Cold-water Bass tactics with Cory JohnstonAngler Tips
“Everything from your technique to the fish themselves pretty much slows down when it gets cold in that 40-degree range,” says Johnston. “You have to adapt and change your tactics to fit the stage, meaning targeting the middle to bottom of the water column and working lures with a sluggish style.”
Johnston lays out his top three top tips for bigmouth success in chilly waters:
#1 – Use suspending jerkbaits and deep-drop jigs.
“Largemouth bass are suspending in the water column or sitting on or close to the bottom in winter. I use the Jackall Rerange Jerkbait and slow-twitch it to get the hit. Or I utilize a 3/8– to ¾-ounce Punisher football jig in natural coloring like green pumpkin and bounce it off the bottom. For smallmouth bass, I find they seem to key in on tube jigs or a Jackall Rhythm Wave 3.8 swimbait better.”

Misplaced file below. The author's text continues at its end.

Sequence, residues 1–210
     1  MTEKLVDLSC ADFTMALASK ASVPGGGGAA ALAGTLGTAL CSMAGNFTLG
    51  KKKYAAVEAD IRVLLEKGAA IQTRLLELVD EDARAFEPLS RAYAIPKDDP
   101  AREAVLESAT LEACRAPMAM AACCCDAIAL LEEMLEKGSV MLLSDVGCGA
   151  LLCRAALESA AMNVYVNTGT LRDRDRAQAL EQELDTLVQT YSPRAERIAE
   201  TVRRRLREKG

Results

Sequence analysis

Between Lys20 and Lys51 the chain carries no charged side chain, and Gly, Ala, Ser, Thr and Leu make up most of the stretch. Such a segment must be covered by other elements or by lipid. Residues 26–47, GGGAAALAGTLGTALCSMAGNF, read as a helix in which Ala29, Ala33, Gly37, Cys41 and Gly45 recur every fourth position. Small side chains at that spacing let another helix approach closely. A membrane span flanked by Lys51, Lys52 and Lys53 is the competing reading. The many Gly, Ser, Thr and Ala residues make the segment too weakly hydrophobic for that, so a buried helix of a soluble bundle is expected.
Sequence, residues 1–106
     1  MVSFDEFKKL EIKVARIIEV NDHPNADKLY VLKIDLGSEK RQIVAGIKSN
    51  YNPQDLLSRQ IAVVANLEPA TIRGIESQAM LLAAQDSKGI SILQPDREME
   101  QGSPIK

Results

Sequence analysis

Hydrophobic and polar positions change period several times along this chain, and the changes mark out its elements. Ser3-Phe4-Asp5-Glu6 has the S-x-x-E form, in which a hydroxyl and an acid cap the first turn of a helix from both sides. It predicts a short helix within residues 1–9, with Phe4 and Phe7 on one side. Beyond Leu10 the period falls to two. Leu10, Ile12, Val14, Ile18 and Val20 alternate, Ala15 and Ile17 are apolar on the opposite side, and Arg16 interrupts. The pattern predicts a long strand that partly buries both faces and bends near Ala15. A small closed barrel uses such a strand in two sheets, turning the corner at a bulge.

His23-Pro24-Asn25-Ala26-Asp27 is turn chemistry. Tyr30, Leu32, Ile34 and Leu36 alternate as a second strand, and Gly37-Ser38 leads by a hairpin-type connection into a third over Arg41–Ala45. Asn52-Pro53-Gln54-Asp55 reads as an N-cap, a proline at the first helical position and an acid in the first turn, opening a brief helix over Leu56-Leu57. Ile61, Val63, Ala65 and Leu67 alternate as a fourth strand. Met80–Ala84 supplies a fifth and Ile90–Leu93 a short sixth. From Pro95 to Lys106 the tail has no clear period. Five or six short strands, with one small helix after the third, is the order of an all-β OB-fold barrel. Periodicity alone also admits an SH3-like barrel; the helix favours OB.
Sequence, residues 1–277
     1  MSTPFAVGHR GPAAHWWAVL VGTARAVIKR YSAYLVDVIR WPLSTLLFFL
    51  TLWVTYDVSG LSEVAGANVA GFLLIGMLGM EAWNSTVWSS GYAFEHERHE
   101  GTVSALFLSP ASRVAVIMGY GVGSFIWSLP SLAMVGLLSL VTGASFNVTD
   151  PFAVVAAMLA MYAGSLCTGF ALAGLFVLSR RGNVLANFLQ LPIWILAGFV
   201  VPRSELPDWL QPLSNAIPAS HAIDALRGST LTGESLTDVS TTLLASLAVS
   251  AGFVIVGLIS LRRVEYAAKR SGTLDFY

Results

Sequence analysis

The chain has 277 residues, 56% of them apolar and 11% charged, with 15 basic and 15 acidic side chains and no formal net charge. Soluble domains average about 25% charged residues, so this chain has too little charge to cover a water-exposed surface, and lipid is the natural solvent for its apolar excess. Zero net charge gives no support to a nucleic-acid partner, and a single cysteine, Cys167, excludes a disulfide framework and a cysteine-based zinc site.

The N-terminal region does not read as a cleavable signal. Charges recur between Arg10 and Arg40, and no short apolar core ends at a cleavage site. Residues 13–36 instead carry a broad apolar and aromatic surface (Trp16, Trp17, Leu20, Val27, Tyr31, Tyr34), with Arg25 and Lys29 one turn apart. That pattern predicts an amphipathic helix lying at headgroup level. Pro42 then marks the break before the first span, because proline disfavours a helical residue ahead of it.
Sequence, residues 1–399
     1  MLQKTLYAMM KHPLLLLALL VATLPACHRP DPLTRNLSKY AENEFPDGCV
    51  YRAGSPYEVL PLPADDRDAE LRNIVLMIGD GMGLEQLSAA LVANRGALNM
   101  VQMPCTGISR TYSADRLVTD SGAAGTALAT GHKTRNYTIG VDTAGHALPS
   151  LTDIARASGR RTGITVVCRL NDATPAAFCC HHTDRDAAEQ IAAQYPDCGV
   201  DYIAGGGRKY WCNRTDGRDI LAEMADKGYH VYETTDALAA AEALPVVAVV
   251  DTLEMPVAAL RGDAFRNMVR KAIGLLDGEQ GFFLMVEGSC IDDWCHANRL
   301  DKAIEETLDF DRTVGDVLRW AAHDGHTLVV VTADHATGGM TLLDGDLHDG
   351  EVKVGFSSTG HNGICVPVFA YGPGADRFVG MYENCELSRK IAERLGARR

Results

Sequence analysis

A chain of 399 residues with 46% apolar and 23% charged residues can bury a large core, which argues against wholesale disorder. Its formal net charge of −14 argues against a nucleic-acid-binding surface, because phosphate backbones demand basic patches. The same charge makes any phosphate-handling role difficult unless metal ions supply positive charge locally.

#2 – Power-Pole Drift Paddles can play a key part in success when fishing Canada’s lakes.
“During cold-water months, I slow drag jigs, so when I deploy the Power-Pole Drift Paddles, they allow me to dial down the drift and control my presentation for more-effective casting and a better hookup ratio. You can be more methodical — and thus more productive — when using the paddles to stay in the strike zone.”
#3 – Drop the Power-Pole shallow water anchors.
“Generally, I’m fishing shallower 2- to 10-foot depths. I can drop the poles outside of a sand patch, boulder or weed edge and work the area hard for multiple hookups. Remember, these bass are moving super slow, and you really have to work an area over hard to get a strike. The pole lets me stay right on top of the spot to make repeated casts to get bass interested.”
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